Key takeaways

  • Taking the world by storm, 3D printing technologies are expected to be worth $5 billion by 2017
  • 3D printing technologies have positive implications for various industry sectors – offering a customisable and adaptable model for designing, modelling, producing and selling products
  • This new technology has the potential to revolutionise the future of retail, presenting a powerful solution to inventory management challenges

As digital innovation accelerates, entire industries are being revolutionised and manufacturing is one industry on the verge of transformative change. The rise of 3D printing technology is paving the way towards what The Economist  has labelled the ‘third industrial revolution’.

Disrupting traditional methods and models

3D printing, also known as additive layer manufacturing, differentiates significantly from the traditional methods of subtractive manufacturing. Instead of cutting materials away from larger blocks of material, 3D printing assembles solid products layer-by-layer, based upon three-dimensional computer designs and models. The raw material ­– typically plastic (metal can also be used) – is deposited at one end before being heated and melted inside the 3D printer. The material is then extruded, in layers, until the physical product is formed at the other end.

Advances in 3D printing technology are seamlessly linking the digital and physical worlds. As a result, demand for this technology is surging across all spheres: from consumer applications in the home, to different sectors such as retail, healthcare and aviation.

While the concept of 3D printing is by no means a new idea, until recently, it would have  required an investment of hundreds of thousands of dollars. However over the past few years, the cost of 3D printers has dropped steeply in price, with simple models now being made available for a few thousand dollars. As a result, total sales of 3D printers are on track to be worth $5 billion by 2017, according to the Consumer Electronics Association’s report, Five Technology Trends to Watch.

Power to the people

There is much hype surrounding the notion that 3D printers will eventually become an essential apparatus for printing out replacement parts, handy objects and even complete products, designed to use around the home.

Online communities such as Thingiverse and Shapeways for example, are already popping up and offering consumers a digital collection of objects that can be downloaded and printed on a personal 3D printer. These communities contain thousands of free designs ranging across art, fashion, games, gadgets and home categories. Designs include drink holders, phone cases, jewellery, lens caps, figurines, and miniature instruments.

In addition, 3D printing also places the end-consumer at the centre of product design. Aided by advancing 3D printing technology, it is expected that mass production will increasingly give way to mass-customisation across many product categories including shoes, toys, home wares, mobile phones, accessories and even, furniture. This particular opportunity is one that excites many  retailers; none more so than CEO of online retail giant Amazon.com, Jeff Bezos, who believes that 3D printing will change the e-commerce game.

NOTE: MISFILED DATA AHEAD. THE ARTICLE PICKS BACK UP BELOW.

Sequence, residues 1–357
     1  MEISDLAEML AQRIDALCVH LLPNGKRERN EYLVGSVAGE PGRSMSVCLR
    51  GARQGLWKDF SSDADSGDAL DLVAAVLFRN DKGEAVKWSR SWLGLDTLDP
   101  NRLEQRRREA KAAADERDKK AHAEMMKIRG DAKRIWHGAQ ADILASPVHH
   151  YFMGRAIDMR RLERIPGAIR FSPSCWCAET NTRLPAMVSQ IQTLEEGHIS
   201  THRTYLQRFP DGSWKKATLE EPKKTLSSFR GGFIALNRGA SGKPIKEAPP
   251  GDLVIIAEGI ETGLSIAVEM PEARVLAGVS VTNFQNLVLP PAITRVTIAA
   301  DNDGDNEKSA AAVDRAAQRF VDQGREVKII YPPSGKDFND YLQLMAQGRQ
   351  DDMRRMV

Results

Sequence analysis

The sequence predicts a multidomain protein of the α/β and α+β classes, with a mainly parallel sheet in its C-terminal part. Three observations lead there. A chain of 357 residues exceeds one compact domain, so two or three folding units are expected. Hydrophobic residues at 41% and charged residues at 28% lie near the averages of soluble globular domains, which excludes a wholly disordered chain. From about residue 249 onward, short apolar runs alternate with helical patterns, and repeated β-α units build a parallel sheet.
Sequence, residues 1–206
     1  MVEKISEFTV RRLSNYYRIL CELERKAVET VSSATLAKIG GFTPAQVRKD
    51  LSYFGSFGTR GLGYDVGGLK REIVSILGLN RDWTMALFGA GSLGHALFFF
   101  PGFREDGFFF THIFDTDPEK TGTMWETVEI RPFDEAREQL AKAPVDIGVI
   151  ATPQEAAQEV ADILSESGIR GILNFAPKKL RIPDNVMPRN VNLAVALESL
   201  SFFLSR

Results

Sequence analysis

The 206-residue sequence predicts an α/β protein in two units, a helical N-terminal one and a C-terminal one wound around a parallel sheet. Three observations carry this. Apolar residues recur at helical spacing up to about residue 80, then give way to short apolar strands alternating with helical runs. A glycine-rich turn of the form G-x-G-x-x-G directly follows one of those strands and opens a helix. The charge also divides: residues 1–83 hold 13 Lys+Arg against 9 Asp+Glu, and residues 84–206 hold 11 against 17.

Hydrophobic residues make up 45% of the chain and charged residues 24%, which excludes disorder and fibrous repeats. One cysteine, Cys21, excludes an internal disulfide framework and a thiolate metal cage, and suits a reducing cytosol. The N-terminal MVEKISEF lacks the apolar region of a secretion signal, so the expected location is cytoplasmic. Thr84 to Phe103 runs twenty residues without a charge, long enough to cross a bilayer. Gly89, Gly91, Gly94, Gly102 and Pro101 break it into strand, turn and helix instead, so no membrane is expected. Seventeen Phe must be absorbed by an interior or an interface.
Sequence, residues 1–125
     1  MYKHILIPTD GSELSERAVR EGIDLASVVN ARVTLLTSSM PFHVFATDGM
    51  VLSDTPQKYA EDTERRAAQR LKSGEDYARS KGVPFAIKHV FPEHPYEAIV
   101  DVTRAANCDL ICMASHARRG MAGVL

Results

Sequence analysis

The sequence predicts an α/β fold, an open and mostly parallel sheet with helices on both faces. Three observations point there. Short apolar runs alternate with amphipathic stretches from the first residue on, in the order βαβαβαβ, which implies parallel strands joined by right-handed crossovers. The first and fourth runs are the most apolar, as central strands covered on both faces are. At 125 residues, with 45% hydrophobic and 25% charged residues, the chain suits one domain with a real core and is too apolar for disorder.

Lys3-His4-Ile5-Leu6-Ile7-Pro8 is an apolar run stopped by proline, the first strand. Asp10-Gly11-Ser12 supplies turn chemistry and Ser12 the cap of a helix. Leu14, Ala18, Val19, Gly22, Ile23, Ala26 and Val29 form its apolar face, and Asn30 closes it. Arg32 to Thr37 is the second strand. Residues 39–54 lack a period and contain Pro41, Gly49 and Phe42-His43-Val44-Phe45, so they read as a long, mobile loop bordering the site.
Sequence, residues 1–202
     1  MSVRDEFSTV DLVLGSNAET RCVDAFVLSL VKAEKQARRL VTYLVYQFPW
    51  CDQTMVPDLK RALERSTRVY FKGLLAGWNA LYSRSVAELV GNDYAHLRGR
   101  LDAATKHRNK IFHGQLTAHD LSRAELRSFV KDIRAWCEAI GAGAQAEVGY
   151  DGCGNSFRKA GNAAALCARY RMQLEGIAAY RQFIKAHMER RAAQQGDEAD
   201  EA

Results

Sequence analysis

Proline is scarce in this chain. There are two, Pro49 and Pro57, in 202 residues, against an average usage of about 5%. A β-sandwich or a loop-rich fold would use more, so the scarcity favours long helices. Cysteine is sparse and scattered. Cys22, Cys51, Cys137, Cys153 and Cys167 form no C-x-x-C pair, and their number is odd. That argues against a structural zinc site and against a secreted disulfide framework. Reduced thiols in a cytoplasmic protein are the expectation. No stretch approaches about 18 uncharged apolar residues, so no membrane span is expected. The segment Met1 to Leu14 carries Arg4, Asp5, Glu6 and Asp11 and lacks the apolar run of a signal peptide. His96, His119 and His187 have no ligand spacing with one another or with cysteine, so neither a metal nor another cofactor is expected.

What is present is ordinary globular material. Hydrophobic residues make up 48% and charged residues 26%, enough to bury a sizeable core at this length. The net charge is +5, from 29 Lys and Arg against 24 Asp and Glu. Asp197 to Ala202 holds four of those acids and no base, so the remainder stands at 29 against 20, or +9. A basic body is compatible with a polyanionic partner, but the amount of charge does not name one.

Commercialising 3D printing technology

In a commercial sense, 3D printing technology is enabling the rapid rise of on-demand manufacturing, while also offering a highly customisable and adaptable business model for designing, modelling, producing and selling manufactured goods.

One obvious sector set to benefit from this advancement is retail. As 3D printing allows for products to be printed on-demand, without the need for inventory to be held in stock, it has the power to truly revolutionise the traditional retail model. The on-demand nature of 3D printing presents retailers with a potent solution to inventory management challenges, as their products – particularly those that sell in smaller quantities – no longer need to be purchased from factories in advance and stored in warehouses.

As 3D printing makes it equally as cost effective to produce a single item, as a posed to manufacturing thousands of products, it offers businesses greater flexibility and savings, as well as reducing the importance of economies of scale. As an example, various organisations within the healthcare sector are already using 3D printing technologies to construct customised hearing aid cases, dental crowns, prosthetics limbs and even personalised hip replacements that meet the precise, individual needs of the end user.

For the European Aeronautic Defence and Space Company – the parent company of Airbus – 3D printing represents the opportunity for significantly cheaper manufacturing when compared with traditional manufacturing. The company is currently looking at using 3D printing to build an entire plane and views this new technology as a way to improve its efficiencies in terms of producing lighter and far more complex aircraft designs.

Sustainability is another potential benefit offered by 3D printing technology.If the uptake of 3D printing technologies grows in local markets, it is likely to reduce the reliance on the major worldwide manufacturing hubs and eliminate the carbon footprint for many manufactured goods. 3D printing is said to require as a little as 10% of the amount of material needed in conventional manufacturing, highlighting the power this trend has to significantly reduce industrial waste.

How do you predict 3D printing technology will impact your industry?

 

Contributor

John Riccio

John is PwC Australia’s Design & Deploy, Experience Consulting partner.

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